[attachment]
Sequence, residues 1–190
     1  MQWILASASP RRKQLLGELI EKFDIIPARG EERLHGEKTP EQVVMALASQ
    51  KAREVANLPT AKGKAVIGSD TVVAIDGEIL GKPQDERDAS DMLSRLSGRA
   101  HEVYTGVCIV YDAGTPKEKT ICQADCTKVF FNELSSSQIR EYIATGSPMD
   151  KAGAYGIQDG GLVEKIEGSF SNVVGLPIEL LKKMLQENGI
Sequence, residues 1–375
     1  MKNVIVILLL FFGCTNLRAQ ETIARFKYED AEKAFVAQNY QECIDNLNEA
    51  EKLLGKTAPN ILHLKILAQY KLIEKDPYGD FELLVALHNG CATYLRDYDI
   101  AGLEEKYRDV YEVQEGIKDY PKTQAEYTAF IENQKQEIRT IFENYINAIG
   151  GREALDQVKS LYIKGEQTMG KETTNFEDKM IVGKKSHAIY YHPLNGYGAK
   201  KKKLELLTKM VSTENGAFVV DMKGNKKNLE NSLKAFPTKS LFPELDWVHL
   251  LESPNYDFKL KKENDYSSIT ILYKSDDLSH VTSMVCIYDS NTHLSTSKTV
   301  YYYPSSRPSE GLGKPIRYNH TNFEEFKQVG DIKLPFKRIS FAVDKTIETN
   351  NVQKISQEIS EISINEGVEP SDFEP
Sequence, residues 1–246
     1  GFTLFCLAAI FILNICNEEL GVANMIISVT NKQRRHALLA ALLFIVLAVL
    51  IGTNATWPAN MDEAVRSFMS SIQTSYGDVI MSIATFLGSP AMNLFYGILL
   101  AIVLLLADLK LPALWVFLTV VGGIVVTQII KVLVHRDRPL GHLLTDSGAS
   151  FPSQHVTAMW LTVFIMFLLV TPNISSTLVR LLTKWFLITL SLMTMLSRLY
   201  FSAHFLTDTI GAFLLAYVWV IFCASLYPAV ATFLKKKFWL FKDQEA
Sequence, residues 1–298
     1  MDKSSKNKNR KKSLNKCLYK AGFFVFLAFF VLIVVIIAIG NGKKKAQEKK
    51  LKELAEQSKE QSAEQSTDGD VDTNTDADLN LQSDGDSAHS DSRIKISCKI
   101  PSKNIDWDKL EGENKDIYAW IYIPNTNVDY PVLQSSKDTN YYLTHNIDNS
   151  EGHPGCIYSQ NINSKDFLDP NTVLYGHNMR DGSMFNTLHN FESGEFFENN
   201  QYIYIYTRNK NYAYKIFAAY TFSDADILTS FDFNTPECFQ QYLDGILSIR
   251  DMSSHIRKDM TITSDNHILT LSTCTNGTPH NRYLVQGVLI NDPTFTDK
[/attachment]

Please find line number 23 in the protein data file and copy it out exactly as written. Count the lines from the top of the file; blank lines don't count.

    51  LKELAEQSKE QSAEQSTDGD VDTNTDADLN LQSDGDSAHS DSRIKISCKI